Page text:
January 27, 2012 by Julia Casciato
Students in this term’s restaurant design course of the Antoinette Westphal College of Media Arts & Design were given the unique opportunity to take the skill sets they have learned and apply them to design a restaurant and bar for a celebrity chef of their choice.
Chris Sheffield of SLDesign in Kensington is teaching his first class on restaurant design with his business partner and co-professor, Kate Rohrer.
The course focuses on the design criteria for a restaurant and bar, providing in-depth studies relating to layout, efficiency and regulations.
“Within 10 weeks of the course, students will have designed a full-service restaurant and bar that meets code requirements as well as the challenges of the concept,” Karen Pelzer, associate director of the master’s program for interior architecture and design, said.
Students are challenged to take field observations in local restaurants to notice the space around them. They create sketches, take pictures and converse about their observations to give them a better sense of a functioning space. By figuring out what benefits or hurts a space, they aim to create a positive, healthy environment.
In years past, students only visited high-end restaurants to see how a bar functions and circulation flows, but this year Sheffield took the students to visit both a high-end and casual restaurant. Sheffield chose local restaurants Distrito, a modern Mexican restaurant and bar, and POD, a pan-Asian restaurant. Both are located in University City.
“The idea of going to both [types of restaurant helps] you really see what works and doesn’t work,” Pelzer said.
“We’re looking to see how things work and how things don’t work. Also, we’re obviously trying to get an idea of the aesthetics and how they’re applied and go with the concept or theme of the restaurant,” Emily Lopez, a junior majoring in interior design, said.
Lopez chose celebrity chef Gordon Ramsay and local restaurateur Jose Garces and used their personalities as her concept by pairing fire with earth.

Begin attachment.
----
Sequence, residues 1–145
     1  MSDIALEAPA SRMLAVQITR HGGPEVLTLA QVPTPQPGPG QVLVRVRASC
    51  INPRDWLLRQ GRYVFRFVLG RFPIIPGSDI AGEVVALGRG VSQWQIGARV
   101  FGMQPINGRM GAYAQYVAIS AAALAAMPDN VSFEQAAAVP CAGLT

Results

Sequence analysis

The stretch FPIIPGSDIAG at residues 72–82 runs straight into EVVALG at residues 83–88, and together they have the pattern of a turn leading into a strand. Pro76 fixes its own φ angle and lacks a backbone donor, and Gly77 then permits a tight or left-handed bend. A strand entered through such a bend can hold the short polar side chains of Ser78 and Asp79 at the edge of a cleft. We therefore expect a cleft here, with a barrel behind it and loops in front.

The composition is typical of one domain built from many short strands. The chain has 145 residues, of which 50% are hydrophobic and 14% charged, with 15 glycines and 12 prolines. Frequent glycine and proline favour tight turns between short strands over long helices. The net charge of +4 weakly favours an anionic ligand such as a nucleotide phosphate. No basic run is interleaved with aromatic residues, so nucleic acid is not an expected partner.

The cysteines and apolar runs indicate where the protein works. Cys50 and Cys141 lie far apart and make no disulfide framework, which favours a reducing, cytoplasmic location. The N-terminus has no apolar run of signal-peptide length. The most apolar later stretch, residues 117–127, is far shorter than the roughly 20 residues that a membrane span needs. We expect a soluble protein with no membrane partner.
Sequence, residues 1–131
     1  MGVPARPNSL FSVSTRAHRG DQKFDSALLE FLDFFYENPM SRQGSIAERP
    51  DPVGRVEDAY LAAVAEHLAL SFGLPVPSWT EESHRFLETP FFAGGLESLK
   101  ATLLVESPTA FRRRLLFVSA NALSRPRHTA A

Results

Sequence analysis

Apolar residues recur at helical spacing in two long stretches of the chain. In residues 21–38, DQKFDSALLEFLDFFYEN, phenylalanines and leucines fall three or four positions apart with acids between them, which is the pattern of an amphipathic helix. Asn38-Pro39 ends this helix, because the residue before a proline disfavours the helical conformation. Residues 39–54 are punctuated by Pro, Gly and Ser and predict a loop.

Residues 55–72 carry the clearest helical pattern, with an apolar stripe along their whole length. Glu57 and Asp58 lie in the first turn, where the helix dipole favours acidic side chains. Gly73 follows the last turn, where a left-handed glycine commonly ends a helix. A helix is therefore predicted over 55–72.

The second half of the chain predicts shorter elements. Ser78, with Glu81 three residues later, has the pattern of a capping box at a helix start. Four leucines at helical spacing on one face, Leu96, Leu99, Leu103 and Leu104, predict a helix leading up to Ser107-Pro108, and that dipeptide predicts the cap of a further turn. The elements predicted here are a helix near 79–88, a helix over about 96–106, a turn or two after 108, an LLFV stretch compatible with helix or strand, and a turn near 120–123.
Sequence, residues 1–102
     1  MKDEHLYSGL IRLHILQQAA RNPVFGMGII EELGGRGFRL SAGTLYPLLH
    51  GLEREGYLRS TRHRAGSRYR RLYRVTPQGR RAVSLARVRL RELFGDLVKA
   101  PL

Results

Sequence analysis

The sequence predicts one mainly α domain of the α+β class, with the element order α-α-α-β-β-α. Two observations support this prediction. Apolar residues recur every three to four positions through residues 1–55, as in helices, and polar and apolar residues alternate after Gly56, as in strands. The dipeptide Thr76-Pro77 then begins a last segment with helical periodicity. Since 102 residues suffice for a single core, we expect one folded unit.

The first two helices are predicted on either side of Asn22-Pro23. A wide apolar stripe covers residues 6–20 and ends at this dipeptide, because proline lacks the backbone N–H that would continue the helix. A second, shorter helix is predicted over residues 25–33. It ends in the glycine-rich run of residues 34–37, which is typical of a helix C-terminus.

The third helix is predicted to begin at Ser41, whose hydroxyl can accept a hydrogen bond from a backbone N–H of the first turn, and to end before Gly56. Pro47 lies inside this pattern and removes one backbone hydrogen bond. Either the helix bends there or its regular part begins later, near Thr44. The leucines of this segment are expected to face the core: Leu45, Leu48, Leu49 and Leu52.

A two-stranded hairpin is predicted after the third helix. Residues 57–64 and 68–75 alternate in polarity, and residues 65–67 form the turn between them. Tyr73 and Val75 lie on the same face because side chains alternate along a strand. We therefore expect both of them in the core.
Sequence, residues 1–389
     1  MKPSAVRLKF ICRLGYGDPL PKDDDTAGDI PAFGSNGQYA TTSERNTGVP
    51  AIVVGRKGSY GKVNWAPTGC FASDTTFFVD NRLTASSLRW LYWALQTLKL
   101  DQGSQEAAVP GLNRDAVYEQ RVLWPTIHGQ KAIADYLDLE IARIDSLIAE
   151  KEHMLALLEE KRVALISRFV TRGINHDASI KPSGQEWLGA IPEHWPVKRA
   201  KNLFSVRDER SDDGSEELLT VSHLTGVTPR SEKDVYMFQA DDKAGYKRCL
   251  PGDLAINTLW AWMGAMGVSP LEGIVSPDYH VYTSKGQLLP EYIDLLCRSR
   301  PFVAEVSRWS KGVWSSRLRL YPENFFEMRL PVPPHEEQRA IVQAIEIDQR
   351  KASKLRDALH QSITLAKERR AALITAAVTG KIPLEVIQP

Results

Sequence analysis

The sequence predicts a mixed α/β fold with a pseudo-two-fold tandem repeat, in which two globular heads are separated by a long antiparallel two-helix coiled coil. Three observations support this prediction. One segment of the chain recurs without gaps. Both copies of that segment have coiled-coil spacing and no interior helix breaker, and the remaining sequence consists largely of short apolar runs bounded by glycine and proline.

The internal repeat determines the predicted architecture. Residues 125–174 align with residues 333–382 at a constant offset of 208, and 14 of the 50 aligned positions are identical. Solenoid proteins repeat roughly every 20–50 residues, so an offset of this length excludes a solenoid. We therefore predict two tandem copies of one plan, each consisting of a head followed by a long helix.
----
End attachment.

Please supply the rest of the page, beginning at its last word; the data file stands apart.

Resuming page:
“With Ramsay being such a flamboyant character, people know his attitude, so I thought that was a nice spinoff. You just place him against Garces and see how they play off of each other,” Lopez said.
Amanda James, another junior majoring in interior design, picked celebrity chef Wolfgang Puck to go along with her concept of a pan-Asian restaurant with an organic and sensual environment.
All students are required to come up with their own concept for a restaurant and bar. The concept must be clearly displayed throughout the space, not literally but through the use of materials, colors, circulation flow and furniture selection.
As students are encouraged to experiment with various materials, they are not assigned a budget for their space. However, students use Material ConneXion, an online database that has over 4,000 materials logged into it, for their projects.
Previous students have designed spaces from very bar-heavy spaces to traditional ornate spaces because anything is acceptable in the course as long as it can be related back to the original concept.
“There are definitely designs that are more outside the box than others, but students are also required to be code-compliant, so they can’t be too crazy. They just need to be able to defend their design with their concept,” Pelzer said.
The designs need to follow actual codes and regulations as well as codes related to the American’s with Disabilities Act.
Experience in restaurants can give some students the power to change what they couldn’t as employees.
“The things that bothered you as a staff member and you wish were designed differently, you can actually make designs to function better,” James said.
James worked on a similar project previously when she was asked to go on the Food Network’s ‘Restaurant: Impossible.’ The task was to completely renovate La Stanza on South Street in two days with a $10,000 budget.
“We are trying to create a space that is innovative and creative, but at the same time we are developing an understanding of how it functions,” James said.
The students are being trained to think around the idea of concept and how to design it while the space still is functional.
Currently, Sheffield’s company is taking the Victoria’s Secret store from Suburban Square and transforming it into a space suitable for restaurateur Rob Wasserman and celebrity chef Michael Schulson. This is the shell that students are using for their space, as opposed to previous years when the dimensions were fabricated.
“It’s a true testament to you as a designer when you meet with a client and are able to deliver something unique and special to them,” Pelzer said.
Last week The Philadelphia Inquirer contacted Sheffield about his firm but instead ran an article about this hospitality course Jan. 19 after he mentioned he was the professor.
Interior design majors in the undergraduate program are required to take Interior Design 442, a hospitality design course, as part of their fifth studio course.